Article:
It has been usual for men to think and to say, 'Many men are slaves because one is an oppressor; let us hate the oppressor.' Now, however, there is among an increasing few a tendency to reverse this judgment, and to say, 'One man is an oppressor because many are slaves; let us despise the slaves.' The truth is that oppressor and slave are cooperators in ignorance, and, while seeming to afflict each other, are in reality afflicting themselves. A perfect Knowledge perceives the action of law in the weakness of the oppressed and the misapplied power of the oppressor; a perfect Love, seeing the suffering that both states entail, condemns neither; a perfect Compassion embraces both oppressor and oppressed.
He who has conquered weakness, and has put away all selfish thoughts, belongs neither to oppressor nor oppressed. He is free.
Our thanks to the eagle-eyed researchers over at WhyWeProtest.net, who have been scouring Facebook to find photos taken by Scientologists who were at this weekend's festivities in Clearwater, Florida.
We've been posting some images taken by church members of the parties that began on Friday. And now, one Scientologist in particular appears to have broken the rules and took a series of shots on the Super Power Building's already legendary space-aged fifth floor, where the "Perceptics" contraptions are housed. (Or, looks more likely, took snapshots of a brochure of these items.)
Finally, after looking at renderings of this floor for years, we're getting to see the real thing.
2013-11-19, Mike Rinder, Something Can Be Done About It
A new update from inside the bubble from a Special Correspondent.
Tours started right away after the ribbon was cut. Tours started every 10 minutes in groups of 75. It was very hot outside under the sun and many people just left instead of waiting around for a tour.
2013-11-19, Mike Rinder, Something Can Be Done About It
The idiocy from those who have not even seen the events, but probably read the hype on Facebook (but doesnt seem to have gotten the memo on only IAS members with cards being let in).
Rob Ford does not have a monopoly on Crazy in Canada. But then again I doubt Canada has a monopoly on Scientology Crazy!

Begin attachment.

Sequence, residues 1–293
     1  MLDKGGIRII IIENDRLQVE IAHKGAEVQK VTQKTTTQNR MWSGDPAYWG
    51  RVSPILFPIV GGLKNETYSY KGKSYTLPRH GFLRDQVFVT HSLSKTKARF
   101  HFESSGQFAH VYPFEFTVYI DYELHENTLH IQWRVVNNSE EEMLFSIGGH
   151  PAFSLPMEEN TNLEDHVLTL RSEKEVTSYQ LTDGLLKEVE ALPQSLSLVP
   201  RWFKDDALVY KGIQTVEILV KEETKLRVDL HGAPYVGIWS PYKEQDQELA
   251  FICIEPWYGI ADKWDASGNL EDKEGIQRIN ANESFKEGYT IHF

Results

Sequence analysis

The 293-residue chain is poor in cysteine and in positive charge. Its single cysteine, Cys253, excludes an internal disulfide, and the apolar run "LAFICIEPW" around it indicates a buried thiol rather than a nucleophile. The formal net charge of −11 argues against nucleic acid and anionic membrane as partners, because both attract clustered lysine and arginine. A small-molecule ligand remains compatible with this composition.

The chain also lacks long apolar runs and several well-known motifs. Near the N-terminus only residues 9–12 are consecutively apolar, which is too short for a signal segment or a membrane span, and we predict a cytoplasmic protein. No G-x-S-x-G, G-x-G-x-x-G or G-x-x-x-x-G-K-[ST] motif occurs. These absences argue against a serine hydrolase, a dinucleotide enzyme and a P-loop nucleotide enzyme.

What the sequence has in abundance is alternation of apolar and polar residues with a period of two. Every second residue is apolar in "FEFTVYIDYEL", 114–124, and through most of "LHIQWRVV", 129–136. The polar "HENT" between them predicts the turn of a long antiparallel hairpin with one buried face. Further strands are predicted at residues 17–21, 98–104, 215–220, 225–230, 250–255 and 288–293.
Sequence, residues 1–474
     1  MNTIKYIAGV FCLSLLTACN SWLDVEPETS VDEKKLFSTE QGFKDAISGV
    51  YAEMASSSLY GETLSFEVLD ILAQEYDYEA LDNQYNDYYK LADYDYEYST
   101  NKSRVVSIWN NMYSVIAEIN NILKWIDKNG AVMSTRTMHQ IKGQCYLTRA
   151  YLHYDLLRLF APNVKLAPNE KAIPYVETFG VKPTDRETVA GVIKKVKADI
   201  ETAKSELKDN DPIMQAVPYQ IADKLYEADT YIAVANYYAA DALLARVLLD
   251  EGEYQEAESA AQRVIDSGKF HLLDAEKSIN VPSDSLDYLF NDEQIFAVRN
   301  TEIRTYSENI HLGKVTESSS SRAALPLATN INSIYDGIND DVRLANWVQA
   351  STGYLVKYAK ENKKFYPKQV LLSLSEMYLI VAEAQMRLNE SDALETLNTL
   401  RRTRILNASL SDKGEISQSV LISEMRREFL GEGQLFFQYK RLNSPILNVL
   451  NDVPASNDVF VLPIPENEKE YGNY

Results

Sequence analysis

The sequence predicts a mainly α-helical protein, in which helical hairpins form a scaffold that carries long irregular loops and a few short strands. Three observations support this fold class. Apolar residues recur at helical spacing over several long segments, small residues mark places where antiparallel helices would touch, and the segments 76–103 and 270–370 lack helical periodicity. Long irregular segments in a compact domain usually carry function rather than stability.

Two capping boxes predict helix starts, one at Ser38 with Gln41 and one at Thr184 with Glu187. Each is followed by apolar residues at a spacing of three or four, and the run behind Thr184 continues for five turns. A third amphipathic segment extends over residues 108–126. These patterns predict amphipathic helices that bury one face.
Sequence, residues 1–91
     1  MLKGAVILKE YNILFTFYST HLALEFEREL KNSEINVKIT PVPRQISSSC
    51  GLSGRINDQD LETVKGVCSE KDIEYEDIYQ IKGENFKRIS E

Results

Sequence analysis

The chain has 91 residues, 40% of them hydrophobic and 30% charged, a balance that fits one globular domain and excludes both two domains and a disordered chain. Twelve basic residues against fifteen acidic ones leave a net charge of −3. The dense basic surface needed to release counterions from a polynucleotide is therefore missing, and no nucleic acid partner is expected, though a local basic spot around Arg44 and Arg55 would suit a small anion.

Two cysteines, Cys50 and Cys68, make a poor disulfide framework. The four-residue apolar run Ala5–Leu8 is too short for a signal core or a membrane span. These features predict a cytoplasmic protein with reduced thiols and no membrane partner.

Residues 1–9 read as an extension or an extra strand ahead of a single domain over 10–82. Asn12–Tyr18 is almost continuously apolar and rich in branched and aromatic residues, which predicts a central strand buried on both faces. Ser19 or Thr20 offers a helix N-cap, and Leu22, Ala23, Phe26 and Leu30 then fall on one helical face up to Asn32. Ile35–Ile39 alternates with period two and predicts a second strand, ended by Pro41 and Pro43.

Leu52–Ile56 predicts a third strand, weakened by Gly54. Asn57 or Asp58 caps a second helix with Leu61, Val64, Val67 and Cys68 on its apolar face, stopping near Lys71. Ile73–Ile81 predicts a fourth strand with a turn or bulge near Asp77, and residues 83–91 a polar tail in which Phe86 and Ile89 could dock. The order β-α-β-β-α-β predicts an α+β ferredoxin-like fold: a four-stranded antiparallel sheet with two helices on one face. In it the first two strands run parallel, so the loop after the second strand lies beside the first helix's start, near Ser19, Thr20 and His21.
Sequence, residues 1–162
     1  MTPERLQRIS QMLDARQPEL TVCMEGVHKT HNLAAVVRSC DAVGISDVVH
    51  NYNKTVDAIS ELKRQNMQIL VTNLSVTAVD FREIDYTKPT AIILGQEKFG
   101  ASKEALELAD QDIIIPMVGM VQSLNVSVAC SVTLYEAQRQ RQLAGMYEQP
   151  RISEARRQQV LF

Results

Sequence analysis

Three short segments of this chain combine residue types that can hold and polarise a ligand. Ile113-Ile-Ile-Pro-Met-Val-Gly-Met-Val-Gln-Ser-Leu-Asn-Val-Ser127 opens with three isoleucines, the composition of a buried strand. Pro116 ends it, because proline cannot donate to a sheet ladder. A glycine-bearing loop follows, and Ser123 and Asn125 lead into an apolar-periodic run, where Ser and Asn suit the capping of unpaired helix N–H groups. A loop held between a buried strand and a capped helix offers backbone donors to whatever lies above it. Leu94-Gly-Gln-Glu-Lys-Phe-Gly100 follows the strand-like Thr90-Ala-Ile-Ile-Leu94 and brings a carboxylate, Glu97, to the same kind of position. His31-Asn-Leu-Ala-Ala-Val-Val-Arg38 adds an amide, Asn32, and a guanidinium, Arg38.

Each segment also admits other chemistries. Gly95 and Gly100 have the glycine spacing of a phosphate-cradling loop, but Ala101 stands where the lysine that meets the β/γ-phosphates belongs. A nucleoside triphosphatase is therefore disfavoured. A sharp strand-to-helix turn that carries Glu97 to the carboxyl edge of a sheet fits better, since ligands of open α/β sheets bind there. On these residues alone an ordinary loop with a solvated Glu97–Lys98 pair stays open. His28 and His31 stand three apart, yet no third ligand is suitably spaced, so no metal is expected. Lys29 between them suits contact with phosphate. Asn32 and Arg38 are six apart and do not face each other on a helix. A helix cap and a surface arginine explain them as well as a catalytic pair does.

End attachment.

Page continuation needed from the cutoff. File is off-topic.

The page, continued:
He really comes up with some pretty unique lines.
A Bend dentist has asked the Oregon Court of Appeals to review a $348,000 penalty stemming from allegations that he required employees to attend a Scientology-related training session.
The Bureau of Labor and Industries imposed the fine in September to settle charges of religious discrimination at Dr. Andrew W. Engel's practice, Awe Dental Spa.
2012-11-19, Marty Rathbun, Moving On Up a Little Higher
Reference: Miscavige's Hot Smoking Gun
A Federal Court judge today denied attorney Ken Dandar's motion to enjoin Pinellas County state court judge Crocket Farnell from proceeding with a closed-to-the-public proceeding to assess fines against Dandar. F. Wallace Pope's motion to strike my testimony from the record apparently was denied.
Here is the court's official minutes:
Dandar is talking about how the Church settled the Lisa McPherson case. A former top-ranking Scientologist- Marty Rathbun says the Pinellas County Judge handling the McPherson case, Judge Robert Beach, should never have met with Church attorney Lee Fugate about the case.
According to Rathbun "Fugate was convincing Beach this case had nothing to do with justice; it had nothing to do with recompense; it was a bunch of money hungry relatives that didn't care about McPherson."
However Judge Robert Beach says, "I have never had any conversations with Scientologists outside of the courtroom
Ken Dandar called us after he got out of the hearing on his federal lawsuit in Tampa, Florida today.
He said he was unable to convince Judge Virginia Hernandez Covington to grant him an injunction that would prevent a state court from saddling him with huge fees demanded by the Church of Scientology.
Next Monday, November 26, in a hearing that will be closed to the public or press, retired state Judge Crockett Farnell will decide what to award Scientology, and Dandar has said he expects that amount to be more than a million dollars.
While Scientology's private eyes were tailing us around a different part of Los Angeles yesterday, one of our tipsters kept an eye on Sheriff Lee Baca's appearance in Inglewood to promote L. Ron Hubbard's 1980 booklet, The Way to Happiness.